I love lifting weights and building lean muscle mass, so I was very excited to read and review “The Diabetic Muscle and Fitness Guide” by Phil Graham.
Phil is a type 1 diabetic, bodybuilder, and nutritionist, and he has taken on the serious task of passing on his knowledge regarding how people living with diabetes should go about building muscle.
This book is clearly a passion project of his, and that shines through on every page. If you look at his pictures, he clearly practices what he preaches. However, this book is not just for diabetic bodybuilders and meatheads (like yours truly) – it’s great for beginners and weekend warriors too.
This book would also be great for personal trainers who want more information on how to train people living with diabetes, so it’s not a bad gift for your personal trainer either.
Why you should read The Diabetic Muscle and Fitness Guide
If you read Diabetes Strong regularly, you know most of the basics regarding how to incorporate resistance training into your workout regime, and how to balance it with a healthy lifestyle and proper diabetes management.
What The Diabetic Muscle and Fitness Guide can offer is a deep dive into diabetic muscle building, supported by Phil’s own experience and scientific research.
I like the book because Phil doesn’t promise a magic bullet or any easy solutions. It’s not a fad diet book and he doesn’t have a vendetta against carbs.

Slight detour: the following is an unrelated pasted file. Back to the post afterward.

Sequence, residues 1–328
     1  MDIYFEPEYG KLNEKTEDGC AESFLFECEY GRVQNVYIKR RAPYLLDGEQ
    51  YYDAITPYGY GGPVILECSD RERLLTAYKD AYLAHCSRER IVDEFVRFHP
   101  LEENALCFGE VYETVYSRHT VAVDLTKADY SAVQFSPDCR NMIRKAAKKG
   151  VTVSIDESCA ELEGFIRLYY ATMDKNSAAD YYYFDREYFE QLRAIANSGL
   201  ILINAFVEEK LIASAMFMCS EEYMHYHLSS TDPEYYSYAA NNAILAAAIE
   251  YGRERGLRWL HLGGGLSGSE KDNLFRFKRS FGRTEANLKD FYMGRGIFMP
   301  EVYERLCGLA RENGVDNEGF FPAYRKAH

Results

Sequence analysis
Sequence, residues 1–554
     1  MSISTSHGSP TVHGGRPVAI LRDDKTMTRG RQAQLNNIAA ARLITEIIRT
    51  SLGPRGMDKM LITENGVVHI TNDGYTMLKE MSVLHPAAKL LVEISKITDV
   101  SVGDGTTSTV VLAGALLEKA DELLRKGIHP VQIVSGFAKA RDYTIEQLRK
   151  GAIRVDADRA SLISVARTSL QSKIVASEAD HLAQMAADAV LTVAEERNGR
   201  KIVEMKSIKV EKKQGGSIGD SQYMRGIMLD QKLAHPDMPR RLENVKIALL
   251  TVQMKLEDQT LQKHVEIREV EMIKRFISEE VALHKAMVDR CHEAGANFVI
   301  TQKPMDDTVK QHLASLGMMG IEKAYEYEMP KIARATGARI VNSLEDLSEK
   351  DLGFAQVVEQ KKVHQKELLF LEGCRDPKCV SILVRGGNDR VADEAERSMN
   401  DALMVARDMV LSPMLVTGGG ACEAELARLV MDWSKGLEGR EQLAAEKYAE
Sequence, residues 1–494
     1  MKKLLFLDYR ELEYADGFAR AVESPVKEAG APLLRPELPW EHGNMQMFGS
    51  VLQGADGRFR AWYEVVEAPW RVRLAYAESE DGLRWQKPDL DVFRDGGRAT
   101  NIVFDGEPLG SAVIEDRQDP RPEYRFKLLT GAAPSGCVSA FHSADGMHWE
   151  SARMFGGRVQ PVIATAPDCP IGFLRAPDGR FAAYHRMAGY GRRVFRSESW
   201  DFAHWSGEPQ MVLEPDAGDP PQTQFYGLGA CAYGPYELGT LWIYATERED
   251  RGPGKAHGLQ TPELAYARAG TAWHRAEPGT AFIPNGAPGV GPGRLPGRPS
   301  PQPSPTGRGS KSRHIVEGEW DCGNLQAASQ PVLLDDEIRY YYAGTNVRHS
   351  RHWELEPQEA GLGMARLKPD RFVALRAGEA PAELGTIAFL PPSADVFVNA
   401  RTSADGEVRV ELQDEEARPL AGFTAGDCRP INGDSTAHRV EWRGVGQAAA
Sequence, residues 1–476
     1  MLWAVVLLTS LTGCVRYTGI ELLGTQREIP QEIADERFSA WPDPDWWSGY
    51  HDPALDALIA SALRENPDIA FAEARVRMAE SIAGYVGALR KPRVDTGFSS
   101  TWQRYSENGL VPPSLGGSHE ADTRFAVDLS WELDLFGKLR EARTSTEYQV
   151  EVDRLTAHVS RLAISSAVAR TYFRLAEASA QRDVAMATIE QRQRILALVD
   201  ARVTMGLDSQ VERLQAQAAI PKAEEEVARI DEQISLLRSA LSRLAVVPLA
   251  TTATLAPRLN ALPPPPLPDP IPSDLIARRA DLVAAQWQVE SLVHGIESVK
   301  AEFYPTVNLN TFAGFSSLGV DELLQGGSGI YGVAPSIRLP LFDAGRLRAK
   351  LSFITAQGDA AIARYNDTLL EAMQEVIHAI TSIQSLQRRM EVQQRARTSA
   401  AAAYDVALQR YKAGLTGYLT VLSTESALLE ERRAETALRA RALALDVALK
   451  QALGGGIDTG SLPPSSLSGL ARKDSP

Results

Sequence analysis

If you like my approach to health and fitness, you will most likely agree with Phil’s as well.
Besides muscle building, nutrition, and resistance training, he also touches on diet sustainability, mental balance, and general tips for managing your diabetes when including muscle building in your routine.
This makes The Diabetic Muscle and Fitness Guide a very well-rounded source of information for anybody with diabetes who is looking for a muscle-building framework, as well as for diabetics who want to understand why our bodies react as they do.
His chapter on nutrition is particularly interesting. I absolutely applaud his straightforward, no-nonsense approach. He does a good job of explaining macronutrients so that they are easy to understand and breaks down the way in which they affect the body in general, and our blood sugar in particular.
And when I read the words “your body can store fat even when insulin levels are low. Total energy intake matters more when it comes to the rate of fat gain”, I pretty much knew I’d be referencing this book for years to come.
Additional online resources
The book comes with a list of online resources. You can access them even without purchasing the book, but they will make more sense after actually reading it.
You can find resources for meal plans and weight training programs and learn how you create them for yourself. That’s my preferred approach to meal plan design since I don’t believe there is one meal plan that fits everyone.
To quote Phil, “ultimately it seems that whatever diet is best for a person to achieve that goal is the one that counts“.
If you’re short on time
Every book has its strong points and its weaknesses. For me, Chapter 3, which is about the physiology of diabetes, was the weak point of this book, so if you are short on time, or understand the basics of diabetes already, I suggest skipping or skimming this chapter.
I’m not saying that it’s not important, I just find there to be better resources out there for that kind of information.
I like the book, and I believe I’ll be referencing it quite often in the future. It’s worth a read if you are starting out on your muscle-building journey or if you are at a loss on how to do it right and don’t want to hire a specialized personal trainer like Phil or myself.
You can buy The Diabetic Muscle and Fitness Guide here!
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